12:58pm: There are some key elements of the deal still to be worked out, per Jon Heyman of MLB Network (Twitter link). Notably, the sides have yet to hammer out terms on trade protection. That said, it seems the final pieces are not expected to pose an obstacle to the contract’s completion. Machado will receive the $300MM on a fairly evenly spread basis, with the opt-out chance midway through the deal.
11:27am: The Padres have agreed to terms on a free agent contract with star infielder Manny Machado, according to ESPN.com’s Jeff Passan (via Twitter). It’s a ten-year, $300MM deal for the MVP Sports Group client, according to MLB.com’s Mark Feinsand (Twitter link). The contract includes an opt-out after the fifth season, per Tim Brown of Yahoo Sports (Twitter link).
Nothing is formally concluded here, it bears noting. If nothing else, it seems a physical will still need to be completed. Padres chairman Ron Fowler says a deal is not complete, per Dennis Lin of The Athletic (via Twitter), saying the sides are “continuing discussions.” Of course, that hardly means there isn’t an agreement in principle on the key terms.
Certainly, the White Sox believe they’ve lost their primary winter target. VP Kenny Williams expressed shock in comments to reporters. “We could not go to that $300MM level,” he said (via Daryl Van Schouwen of the Chicago Sun-Times, Twitter links). Williams indicated that he had believed the South Siders were the high bidders, and he maintains “there was more potential for him to make more here than that reported deal.” It seems, though, that Machado preferred the greater guaranteed money and other elements of his new deal to the structure proposed by a White Sox organization that had rolled out quite a welcome mat, including the acquisition of Machado’s comrades Yonder Alonso and Jon Jay.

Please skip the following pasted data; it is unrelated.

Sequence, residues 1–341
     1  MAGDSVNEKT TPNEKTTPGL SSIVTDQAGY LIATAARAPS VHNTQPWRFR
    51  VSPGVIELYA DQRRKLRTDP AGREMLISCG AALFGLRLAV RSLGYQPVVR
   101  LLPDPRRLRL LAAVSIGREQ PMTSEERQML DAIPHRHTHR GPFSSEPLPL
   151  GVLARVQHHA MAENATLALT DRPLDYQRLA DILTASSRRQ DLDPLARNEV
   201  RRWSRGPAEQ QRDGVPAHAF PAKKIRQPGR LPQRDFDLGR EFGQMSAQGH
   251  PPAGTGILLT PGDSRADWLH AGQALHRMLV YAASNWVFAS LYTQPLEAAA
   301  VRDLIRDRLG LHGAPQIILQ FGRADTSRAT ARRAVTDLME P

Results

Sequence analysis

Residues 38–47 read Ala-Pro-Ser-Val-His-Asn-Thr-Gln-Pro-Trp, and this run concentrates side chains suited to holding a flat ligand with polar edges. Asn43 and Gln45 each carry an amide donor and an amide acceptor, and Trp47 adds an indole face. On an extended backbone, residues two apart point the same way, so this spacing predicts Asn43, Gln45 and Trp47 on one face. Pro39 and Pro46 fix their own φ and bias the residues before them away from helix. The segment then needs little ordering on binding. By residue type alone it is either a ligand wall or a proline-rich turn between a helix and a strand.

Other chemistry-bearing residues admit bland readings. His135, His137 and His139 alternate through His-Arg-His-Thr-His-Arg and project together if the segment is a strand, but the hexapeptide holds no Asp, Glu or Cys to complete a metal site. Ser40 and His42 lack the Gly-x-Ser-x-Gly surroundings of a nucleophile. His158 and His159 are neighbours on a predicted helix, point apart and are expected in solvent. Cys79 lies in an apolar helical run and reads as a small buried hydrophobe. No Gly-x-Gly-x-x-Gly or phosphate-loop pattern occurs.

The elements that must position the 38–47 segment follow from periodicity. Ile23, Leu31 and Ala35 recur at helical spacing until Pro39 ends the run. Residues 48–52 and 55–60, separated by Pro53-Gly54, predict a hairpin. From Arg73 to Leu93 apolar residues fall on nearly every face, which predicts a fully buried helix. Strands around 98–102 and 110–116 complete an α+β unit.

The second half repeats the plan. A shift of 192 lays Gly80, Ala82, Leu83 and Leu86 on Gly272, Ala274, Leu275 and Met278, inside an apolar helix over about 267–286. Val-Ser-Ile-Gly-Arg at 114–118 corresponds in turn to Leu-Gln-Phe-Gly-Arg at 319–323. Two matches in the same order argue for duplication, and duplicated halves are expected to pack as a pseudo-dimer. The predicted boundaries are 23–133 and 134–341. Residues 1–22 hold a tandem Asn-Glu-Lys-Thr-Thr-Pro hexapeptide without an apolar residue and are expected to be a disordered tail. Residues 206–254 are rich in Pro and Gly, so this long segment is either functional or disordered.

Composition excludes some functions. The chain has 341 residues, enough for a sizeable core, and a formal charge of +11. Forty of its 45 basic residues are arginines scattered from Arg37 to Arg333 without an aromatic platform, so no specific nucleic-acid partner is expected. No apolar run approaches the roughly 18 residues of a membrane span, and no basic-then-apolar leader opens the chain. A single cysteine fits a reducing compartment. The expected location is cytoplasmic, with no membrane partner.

It’s a stunning result for the 26-year-old Machado, whose long-running open-market saga has coincided with that of fellow star Bryce Harper. It took some time, but Machado will still spend the bulk of Spring Training with his new teammates.
Last year, the Friars shocked the baseball world by outbidding the market for first baseman Eric Hosmer. Now, they’ve followed up that move with a much bigger commitment to an even better and younger player.
The move plainly sets the Padres organization on a course to compete in the near-term, though the investment will hopefully coincide with a rather lengthy competitive window. It’s reasonable to wonder, though, whether this move sets the stage for further action this winter. The Padres have a fairly crowded outfield group, a ton of top prospect talent, and clear room to improve the MLB pitching staff. They could consider pursuing the top remaining open-market pitchers (Craig Kimbrel, Dallas Keuchel, Gio Gonzalez) while revisiting trade talks on other starters.
It’s not hard to see how this signing could have a ripple effect in the market, with the potential for a highly intriguing late-spring reignition of the hot stove. If nothing else, there’s now a clear mark for Harper to try to top, with several teams potentially interested in landing him after missing on Machado.